Football is the one sport you have to study the other team beforehand, or else you’ll have no idea how to play them,”  Holecek, whose team is the number three varsity team in the states, says. “So it’s a lot more intelligent than people think.”

A key concept in football is downs. The team playing offense has four tries (or downs) to move 10 yards toward their end zone. If the team succeeds, they get another four. If they don’t make it, they either lose the ball or they can punt. In a punt, a kicker from one team kicks the ball down the field to an opposing player and tries to stop them from getting close to their end zone. The key to winning is keeping control of the field. 

“You punt to keep the field tilted in your direction,” my dad says. “When you punt, the other team is starting farther back. It’s all about controlling territory.”

Olivia Covey at a tailgate, photo courtesy of Laura Covey.

Jacob Jaworksi is the head coach of the varsity football team at Joliet Catholic Academy, which holds multiple state titles. Looking from the outside in, Jaworski says spectators can get confused when it comes to a play being “successful” or not, because success doesn’t always mean points being scored. 

The offense is trying to create space on the field for the player with the ball, while the defense is trying to limit space,” Jaworski says. “The result of each play usually comes down to which side executes the best.”

While points aren’t the only indicators of success, they do decide the game. You’ve heard of a touchdown; here’s how it works: When the team playing offense gets the ball into their end zone, they get six points. 

There are several ways to score points, but here are the most important. After a touchdown, the team can kick the ball through the uprights for one extra point or run the ball into the end zone again for two extra points. A field goal looks like an extra point kick, but it can be attempted at any time anywhere on the field, and it’s worth three points.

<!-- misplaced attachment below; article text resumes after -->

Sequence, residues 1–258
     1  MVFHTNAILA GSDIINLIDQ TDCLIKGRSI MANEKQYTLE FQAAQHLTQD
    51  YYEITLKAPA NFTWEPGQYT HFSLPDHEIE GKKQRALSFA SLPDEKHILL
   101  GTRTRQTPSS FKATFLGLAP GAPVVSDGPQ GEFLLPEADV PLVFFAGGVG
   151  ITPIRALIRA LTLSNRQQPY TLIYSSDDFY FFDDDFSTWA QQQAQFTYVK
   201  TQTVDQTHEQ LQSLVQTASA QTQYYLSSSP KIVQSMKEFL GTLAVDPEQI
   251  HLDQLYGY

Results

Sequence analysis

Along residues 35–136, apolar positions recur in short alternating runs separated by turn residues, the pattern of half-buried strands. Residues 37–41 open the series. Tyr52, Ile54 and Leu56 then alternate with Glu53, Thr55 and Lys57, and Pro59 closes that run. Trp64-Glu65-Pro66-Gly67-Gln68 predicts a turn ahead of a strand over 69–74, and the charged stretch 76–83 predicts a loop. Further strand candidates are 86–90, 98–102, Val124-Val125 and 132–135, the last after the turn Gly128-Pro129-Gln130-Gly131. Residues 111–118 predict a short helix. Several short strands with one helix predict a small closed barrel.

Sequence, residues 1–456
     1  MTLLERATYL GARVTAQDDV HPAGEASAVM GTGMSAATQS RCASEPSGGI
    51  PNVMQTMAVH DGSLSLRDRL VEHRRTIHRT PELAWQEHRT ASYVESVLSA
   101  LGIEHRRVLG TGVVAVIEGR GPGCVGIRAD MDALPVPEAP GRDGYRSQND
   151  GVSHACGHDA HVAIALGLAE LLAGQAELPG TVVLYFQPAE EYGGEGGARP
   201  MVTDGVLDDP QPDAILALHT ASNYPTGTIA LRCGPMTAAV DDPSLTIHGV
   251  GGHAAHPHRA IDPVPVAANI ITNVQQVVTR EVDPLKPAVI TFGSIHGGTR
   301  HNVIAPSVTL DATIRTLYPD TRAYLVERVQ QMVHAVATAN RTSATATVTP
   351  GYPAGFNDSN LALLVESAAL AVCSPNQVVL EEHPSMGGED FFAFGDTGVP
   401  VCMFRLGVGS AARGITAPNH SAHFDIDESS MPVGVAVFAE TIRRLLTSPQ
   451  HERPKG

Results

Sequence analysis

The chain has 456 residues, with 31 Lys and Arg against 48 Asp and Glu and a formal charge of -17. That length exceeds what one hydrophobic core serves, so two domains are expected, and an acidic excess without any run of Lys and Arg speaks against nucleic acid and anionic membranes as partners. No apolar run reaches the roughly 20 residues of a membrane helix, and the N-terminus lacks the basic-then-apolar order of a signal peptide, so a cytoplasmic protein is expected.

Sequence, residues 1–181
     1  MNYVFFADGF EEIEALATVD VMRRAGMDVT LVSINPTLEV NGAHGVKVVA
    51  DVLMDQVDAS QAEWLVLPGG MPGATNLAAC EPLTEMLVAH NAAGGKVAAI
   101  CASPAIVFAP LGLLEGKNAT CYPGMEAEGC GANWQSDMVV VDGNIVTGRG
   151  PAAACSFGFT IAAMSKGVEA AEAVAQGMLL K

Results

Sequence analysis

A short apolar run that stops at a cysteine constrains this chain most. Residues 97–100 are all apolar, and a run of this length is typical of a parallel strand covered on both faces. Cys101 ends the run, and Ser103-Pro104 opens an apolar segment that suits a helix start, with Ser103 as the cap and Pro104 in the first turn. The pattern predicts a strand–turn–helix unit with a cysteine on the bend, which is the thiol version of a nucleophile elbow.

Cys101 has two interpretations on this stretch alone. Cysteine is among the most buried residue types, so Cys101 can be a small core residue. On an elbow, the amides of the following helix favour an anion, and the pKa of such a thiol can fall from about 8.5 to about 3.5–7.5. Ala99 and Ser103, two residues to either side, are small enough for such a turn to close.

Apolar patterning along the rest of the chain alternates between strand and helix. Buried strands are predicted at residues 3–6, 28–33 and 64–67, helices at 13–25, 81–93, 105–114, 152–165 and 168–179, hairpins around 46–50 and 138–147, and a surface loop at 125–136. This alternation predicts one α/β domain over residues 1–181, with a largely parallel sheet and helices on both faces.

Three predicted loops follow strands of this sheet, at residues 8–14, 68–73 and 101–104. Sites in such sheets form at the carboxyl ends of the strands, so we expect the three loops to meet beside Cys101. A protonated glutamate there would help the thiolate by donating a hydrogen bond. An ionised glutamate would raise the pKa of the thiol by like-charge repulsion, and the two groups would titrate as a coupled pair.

The winner of the game is the team with the most points on the scoreboard when the fourth quarter timer runs out. But coaches, players and fans get more from the game than wins and losses.

I think it’s the ultimate meritocracy. It doesn’t matter where you’re from or what you look like,” Holecek says. “With the amount of different types of people, it’s really a melting pot of the sports world.” 

My dad has always instilled in me the importance of being a good teammate, regardless of the team I’m on, and the discipline he passed down to me has given me a strong work ethic, ambition and perseverance. 

“If one guy screws up, it affects everyone else. Football teaches you teamwork.” my dad says. “It teaches you how to get up when you get knocked on your ass and keep going.”

Jaworski describes football as a metaphor for life, and I couldn’t agree more. Look past the aggression and confusing rules, and you’ll see football is about coming together regardless of our differences. I think we can all benefit from that. 

You can read the entire 2022 issue of Echo, as well as previous issues, on our website.